A powerful earthquake struck Mexico on Tuesday afternoon, killing at least 226 people across the country. That includes 117 in Mexico City, 12 in the surrounding area, 55 in Morelos, 39 in Puebla, and three in Guerrero. At least 44 buildings collapsed or partially collapsed in Mexico City.
It seems likely that many more casualties will follow in and around the capital. Many people are trapped in collapsed buildings, and hundreds of volunteers are working to dig them out of the rubble.
The quake, which hit at 1:14 p.m. local time, measured 7.1 on the Richter scale and was centered 76 miles southeast of the country’s capital, according to the U.S. Geological Survey.
Photos and video showed whole buildings crumbling during and after the shaking, as well as rubble and downed trees on the streets in the aftermath. Thousands of people streamed onto the street, and there were reports of fires and gas leaks.
In the neighborhood of Del Valle, at least two multistory apartment buildings collapsed, potentially trapping dozens inside. Marines and volunteers formed a chain to pass out cleared debris as they searched for survivors.
On Tuesday night, authorities said at least 20 children and two adults died in a school that collapsed in the neighborhood of Villa Coapa. Another 30 students and eight adults from the school are missing.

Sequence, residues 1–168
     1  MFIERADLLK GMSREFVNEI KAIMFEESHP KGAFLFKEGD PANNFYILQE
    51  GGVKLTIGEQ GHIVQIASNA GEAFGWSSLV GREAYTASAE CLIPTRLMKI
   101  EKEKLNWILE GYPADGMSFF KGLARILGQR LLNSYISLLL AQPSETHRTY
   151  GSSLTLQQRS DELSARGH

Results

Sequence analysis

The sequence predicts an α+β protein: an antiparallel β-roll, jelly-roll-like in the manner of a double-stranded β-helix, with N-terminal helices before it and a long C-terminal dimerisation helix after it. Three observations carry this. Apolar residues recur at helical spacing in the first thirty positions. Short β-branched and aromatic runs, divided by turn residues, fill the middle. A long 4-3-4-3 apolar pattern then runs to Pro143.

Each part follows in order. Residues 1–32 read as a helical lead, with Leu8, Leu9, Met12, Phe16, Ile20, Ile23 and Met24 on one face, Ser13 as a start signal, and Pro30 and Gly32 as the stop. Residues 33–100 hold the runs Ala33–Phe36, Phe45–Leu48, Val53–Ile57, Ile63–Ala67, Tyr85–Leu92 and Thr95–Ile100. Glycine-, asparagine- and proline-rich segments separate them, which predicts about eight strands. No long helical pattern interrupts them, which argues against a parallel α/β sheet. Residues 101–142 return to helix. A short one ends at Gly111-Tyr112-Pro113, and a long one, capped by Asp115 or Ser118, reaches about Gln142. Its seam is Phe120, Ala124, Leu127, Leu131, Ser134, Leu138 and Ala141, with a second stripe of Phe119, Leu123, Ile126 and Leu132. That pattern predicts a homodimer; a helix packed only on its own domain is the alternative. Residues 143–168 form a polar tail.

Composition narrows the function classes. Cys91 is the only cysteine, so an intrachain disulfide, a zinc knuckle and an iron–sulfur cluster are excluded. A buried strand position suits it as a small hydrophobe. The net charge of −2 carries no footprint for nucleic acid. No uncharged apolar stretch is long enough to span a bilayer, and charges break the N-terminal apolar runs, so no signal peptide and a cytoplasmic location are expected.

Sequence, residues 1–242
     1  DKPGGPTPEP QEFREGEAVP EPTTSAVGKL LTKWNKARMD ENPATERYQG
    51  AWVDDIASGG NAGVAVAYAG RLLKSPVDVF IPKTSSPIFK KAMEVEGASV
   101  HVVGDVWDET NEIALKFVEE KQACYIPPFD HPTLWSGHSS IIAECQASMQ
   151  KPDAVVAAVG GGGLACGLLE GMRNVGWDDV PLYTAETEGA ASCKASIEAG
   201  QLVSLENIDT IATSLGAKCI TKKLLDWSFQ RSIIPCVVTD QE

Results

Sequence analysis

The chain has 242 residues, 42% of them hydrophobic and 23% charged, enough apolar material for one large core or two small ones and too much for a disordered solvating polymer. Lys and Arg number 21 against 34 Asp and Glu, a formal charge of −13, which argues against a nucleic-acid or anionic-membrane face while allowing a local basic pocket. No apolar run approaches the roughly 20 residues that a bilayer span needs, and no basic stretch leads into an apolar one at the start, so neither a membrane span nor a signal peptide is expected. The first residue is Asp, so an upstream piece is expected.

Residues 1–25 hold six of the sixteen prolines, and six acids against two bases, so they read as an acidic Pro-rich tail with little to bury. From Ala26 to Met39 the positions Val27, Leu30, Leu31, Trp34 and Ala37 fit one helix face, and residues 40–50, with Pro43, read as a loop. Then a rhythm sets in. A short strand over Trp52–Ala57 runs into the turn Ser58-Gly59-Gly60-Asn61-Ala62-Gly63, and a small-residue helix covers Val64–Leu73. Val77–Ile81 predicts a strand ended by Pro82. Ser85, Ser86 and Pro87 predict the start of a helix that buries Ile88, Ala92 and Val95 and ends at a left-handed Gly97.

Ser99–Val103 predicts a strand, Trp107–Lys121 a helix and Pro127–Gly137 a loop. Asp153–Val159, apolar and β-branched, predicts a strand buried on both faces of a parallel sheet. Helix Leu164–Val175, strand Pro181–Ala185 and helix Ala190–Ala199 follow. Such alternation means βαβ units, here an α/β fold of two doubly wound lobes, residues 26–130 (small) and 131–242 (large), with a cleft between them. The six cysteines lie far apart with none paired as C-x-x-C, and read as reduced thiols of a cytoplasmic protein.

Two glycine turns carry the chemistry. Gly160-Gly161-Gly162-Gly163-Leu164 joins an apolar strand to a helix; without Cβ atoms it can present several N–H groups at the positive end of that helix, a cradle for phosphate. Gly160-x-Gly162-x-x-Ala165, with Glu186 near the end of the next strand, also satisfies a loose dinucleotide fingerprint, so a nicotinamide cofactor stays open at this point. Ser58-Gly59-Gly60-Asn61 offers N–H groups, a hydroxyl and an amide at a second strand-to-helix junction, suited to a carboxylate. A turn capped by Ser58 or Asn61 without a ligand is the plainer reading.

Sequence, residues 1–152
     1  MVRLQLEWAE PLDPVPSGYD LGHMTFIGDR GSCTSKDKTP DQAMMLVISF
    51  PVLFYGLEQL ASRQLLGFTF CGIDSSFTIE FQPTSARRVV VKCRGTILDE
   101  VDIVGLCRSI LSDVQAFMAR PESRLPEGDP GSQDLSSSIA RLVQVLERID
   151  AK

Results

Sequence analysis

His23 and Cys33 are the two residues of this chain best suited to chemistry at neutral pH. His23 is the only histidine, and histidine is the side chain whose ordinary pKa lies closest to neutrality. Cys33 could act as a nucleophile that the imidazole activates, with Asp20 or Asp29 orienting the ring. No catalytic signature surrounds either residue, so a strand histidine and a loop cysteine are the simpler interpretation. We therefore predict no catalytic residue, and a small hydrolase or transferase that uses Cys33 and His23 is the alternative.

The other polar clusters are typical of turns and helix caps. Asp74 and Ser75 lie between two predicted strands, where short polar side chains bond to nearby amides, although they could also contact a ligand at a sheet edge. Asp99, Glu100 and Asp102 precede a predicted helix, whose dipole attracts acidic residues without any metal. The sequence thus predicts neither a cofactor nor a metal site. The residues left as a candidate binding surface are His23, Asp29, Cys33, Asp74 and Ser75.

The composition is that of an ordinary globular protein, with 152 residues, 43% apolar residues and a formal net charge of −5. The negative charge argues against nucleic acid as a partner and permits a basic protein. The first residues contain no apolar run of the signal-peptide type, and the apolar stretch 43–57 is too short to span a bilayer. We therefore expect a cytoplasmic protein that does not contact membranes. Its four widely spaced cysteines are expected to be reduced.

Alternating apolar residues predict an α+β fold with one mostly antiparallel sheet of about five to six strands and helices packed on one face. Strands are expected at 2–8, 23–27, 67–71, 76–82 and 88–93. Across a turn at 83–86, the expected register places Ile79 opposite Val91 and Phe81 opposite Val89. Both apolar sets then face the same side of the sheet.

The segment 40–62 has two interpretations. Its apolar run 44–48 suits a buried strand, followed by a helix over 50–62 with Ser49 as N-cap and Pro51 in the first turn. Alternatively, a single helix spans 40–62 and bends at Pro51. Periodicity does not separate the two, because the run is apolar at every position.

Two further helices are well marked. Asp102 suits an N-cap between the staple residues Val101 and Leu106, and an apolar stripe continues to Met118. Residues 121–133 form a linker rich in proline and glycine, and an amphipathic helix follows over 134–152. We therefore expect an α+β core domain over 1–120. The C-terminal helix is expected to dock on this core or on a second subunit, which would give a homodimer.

Many videos emerged of the moment the quake struck:
President Trump, who is deeply unpopular in the country, tweeted his sympathies.
During the earthquake, Mexican president Enrique Peña Nieto was traveling to Oaxaca to inspect the damage from another quake, which occurred on September 8 and was the most powerful earthquake to hit Mexico in a century, killing dozens. After Tuesday’s earthquake, he quickly returned to the capital and convened a national emergency council. He released a video message late Tuesday night, urging people to remain calm and saying authorities were working to help the many people left without power. But he stressed that “the priority at this moment is to keep rescuing people who are still trapped and to give medical attention to the injured people.”
September 19 happens to be the 32nd anniversary of one of the most catastrophic earthquakes in the country’s history, an 8.0 magnitude tremor that hit near Mexico City and killed several thousand people, leading the city to adopt stricter building codes. Just hours before Tuesday’s earthquake, buildings around the country had held annual evacuation drills.